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The Daily Read: 12/19

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There are plenty of alien invasions stories out there – probably too many to count – but there aren’t too many post­-alien invasion stories out there. We only know that if the motley crew of scientists/soldiers/average Joes/Janes beats the alien invasion, they will probably live happily ever after in a vaguely idealistic state.

That’s definitely not the case in White Noise. More than a century after the initial invasion, the world is fractioned into city-states and space colonies and no one is really sure if it’s safe to stop watching the skies. The main character of White Noise is a precocious young man named Wren, a “Deadlander” with the obvious mutation of a long white tail and a strange creature named Winter speaking within his dreams. Pursued at all turns by trained killers and separated from his protector, Lohaun, Wren is suddenly forced to make a journey across the remnants of civilization to reach the mysterious Ashton.

The character designs are exceptionally well-crafted, and in particular the lion-like design of Winter, Wren’s enigmatic dream companion, stands out as one of the best looking aliens I’ve ever seen. There is the slight problem that Wren, a young red-haired teen and Lohaun, a tall sandy-haired woman, look sometimes too much alike in certain scenes, but for the most part, White Noise is a success with its characters. The action sequences, ranging from Wren bounding through the desert to Lohaun engaging a troop of assassins, are both illustrated with great finesse and a surge of adrenaline.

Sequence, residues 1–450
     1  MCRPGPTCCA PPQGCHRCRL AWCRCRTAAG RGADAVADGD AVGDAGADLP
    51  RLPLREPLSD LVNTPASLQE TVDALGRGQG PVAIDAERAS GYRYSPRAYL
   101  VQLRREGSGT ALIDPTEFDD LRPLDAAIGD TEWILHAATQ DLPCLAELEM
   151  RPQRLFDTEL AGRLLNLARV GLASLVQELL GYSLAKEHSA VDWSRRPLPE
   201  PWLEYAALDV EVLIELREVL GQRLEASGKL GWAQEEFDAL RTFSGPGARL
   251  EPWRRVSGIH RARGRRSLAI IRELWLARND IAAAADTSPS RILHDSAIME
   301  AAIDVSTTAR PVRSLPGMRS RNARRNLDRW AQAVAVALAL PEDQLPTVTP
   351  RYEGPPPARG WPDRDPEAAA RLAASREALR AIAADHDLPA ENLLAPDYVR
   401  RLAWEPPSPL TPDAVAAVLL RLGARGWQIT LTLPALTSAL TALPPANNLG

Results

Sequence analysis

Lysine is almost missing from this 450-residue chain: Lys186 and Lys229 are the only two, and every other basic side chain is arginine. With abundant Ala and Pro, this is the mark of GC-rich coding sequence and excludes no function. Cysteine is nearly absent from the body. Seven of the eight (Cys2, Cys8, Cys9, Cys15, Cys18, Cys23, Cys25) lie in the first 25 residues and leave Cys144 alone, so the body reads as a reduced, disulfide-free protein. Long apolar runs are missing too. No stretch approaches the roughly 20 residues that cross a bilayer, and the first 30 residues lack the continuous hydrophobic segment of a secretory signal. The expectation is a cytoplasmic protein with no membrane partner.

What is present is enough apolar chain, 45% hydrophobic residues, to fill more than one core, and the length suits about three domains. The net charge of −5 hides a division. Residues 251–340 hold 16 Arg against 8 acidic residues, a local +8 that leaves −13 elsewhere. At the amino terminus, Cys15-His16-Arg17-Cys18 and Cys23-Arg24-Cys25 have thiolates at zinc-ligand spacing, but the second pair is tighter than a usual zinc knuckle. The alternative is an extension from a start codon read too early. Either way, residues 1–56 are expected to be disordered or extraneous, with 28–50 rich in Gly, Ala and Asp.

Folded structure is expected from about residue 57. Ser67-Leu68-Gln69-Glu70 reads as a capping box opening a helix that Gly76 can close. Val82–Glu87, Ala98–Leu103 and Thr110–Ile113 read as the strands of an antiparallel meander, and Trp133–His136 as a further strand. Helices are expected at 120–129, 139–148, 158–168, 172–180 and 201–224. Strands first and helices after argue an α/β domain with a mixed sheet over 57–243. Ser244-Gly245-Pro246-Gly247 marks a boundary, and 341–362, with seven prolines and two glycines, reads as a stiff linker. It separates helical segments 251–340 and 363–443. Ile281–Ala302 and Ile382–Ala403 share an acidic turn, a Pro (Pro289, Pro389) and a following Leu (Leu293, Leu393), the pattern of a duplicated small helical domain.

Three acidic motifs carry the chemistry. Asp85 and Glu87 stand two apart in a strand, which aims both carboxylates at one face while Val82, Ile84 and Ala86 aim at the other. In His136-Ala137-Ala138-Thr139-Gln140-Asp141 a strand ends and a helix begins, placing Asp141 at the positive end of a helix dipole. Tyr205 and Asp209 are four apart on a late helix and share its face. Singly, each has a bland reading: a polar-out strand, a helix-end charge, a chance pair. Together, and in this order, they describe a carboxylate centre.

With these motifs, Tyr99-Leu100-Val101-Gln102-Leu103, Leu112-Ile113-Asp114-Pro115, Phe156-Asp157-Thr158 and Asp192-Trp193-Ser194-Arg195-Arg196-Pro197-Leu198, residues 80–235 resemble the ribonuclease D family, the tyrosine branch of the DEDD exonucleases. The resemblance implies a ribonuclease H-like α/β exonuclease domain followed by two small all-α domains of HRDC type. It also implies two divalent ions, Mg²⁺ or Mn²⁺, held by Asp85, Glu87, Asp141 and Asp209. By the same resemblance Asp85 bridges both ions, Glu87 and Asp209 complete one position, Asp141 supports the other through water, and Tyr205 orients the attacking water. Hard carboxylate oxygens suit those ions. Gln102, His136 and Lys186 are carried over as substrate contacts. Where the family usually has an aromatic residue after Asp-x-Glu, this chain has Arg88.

With that said, the story is a bit vague in spots. It takes the better part of the first two chapters to properly explain just what is actually going on. But when all the cryptic hints finally subside, White Noise looks to be a colorful combination of 1950s' monster movies mixed with the dark paranoia of Cold War sci-fi and isolation of a post-apocalypse reaching for another go at Armageddon. Wren is interesting enough, but we definitely need more of a supporting cast to entice the readers at this point.

Overall, White Noise a rare dose of science fiction done right in webcomics. The story is just getting winded up, but the potential for a sprawling epic is made even more finite by White Noise’s perfect pace, launching Wren and the audience headfirst towards destination unknown.

 

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